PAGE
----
Tell Me A Story

February 9, 2015
by Deana Weyman

From the youngest age, all children love to be told stories. We enjoy hearing them, whether they are the invention of our talented parents or they're read from the ever-popular children's books.

There are still many children around the world, or even nearby, who do not experience the joy of melding their imagination with the characters in a book, and so immersing themselves in the action. That sad fact has always troubled me, as I was one of the many who were blessed with an unending supply of books as a child. But it all starts with someone telling the stories before we are able to read.

When we become adults, we continue to enjoy the relating of an event, fictional or historical. The follow-up of a good story produced as a movie event can be equally enjoyable, even if in some cases the original story is not necessarily well represented.

When it comes to biblical stories, I enjoy those reproduced in the form of a documentary. I like to hear more about the actual people, around whom history and God's plan were shaped. Even though the writers and directors are using some personal suppositions, I like to hear what might have been on the minds of those larger-than-life protagonists.

During the few weeks of Advent, the congregation at our church was given the gift of just such dramatic presentations. Our pastor portrayed such biblical individuals as Zechariah, Joseph, and the magi. He relayed the stories in the first person singular, and as a result, we were transported to a different time and place. There was rapt attention during the telling, and we, the listeners, were deeply moved.

Jesus was a master story-teller, and He used the parables to communicate eternal truths. A well-told story can do more than just capture the attention of the listener; it can reach depths that connect to the individual. And is that not what we Christians seek to do? A few words, whether dramatized or simply spoken in passing, can connect to people who are unsure or questioning, or are simply lacklustre in their understanding of Christian living. Let us all share our experiences in our walk with God, whenever the Spirit moves us, in whatever way.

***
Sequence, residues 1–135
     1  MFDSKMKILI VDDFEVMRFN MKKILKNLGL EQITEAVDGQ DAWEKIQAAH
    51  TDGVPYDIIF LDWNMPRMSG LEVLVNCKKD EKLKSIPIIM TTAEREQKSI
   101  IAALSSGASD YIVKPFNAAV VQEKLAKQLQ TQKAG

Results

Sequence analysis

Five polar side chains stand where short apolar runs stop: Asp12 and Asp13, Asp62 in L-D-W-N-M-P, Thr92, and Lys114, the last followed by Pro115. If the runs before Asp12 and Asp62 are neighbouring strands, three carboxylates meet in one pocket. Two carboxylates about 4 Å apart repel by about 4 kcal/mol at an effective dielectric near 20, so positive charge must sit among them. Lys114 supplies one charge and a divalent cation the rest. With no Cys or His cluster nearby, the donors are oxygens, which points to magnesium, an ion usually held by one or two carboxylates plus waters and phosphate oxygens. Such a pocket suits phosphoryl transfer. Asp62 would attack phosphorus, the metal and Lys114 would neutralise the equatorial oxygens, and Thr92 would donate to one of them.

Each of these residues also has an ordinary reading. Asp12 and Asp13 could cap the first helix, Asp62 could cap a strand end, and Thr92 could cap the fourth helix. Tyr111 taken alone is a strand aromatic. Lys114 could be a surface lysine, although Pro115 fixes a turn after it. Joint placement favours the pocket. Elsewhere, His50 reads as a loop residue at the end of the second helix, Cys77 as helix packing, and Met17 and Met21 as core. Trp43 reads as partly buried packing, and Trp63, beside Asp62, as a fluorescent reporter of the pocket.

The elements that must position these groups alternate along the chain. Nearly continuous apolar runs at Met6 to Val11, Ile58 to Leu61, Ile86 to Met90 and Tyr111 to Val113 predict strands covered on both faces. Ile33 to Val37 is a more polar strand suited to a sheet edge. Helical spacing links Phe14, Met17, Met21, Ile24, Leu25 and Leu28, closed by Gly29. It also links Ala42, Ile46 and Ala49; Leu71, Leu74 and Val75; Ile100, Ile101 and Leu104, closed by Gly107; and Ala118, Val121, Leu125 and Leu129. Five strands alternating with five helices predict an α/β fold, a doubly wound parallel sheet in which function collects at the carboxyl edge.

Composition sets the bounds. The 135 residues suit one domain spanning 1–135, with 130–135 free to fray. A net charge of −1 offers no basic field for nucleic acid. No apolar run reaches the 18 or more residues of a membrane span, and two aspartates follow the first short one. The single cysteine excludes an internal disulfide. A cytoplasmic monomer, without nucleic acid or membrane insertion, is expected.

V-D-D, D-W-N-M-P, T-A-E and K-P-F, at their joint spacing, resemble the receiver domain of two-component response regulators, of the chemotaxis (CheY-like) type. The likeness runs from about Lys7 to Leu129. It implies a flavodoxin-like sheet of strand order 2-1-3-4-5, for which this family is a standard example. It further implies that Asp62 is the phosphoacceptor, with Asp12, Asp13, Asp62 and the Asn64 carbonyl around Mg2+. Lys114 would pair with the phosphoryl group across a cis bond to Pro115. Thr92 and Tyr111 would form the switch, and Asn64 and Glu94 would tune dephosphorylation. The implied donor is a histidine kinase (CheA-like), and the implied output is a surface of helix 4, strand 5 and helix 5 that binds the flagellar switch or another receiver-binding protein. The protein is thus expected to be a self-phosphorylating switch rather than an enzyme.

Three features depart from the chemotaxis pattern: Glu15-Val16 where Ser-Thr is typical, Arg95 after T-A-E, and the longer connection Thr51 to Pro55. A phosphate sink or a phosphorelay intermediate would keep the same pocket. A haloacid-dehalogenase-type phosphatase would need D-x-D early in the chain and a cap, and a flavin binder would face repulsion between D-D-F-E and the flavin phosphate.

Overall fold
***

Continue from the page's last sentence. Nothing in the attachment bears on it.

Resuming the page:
I applaud all Sunday School teachers, pastors, and visitors to nursing homes as they accept the very important role of sharing the Word of God. What if they were to adopt, even just once, a biblical personality, and show the listeners what that person might have been thinking during their experience? Could you relate to the father of the prodigal son … or perhaps the brother?

Luke 15:17-19 – But when he came to himself he said, "How many of my father's hired servants have bread enough and to spare, but I perish here with hunger! I will arise and go to my father, and I will say to him, 'Father, I have sinned against heaven and before you; I am no longer worthy to be called your son; treat me as one of your hired servants.'" (RSV)

Tell them a story!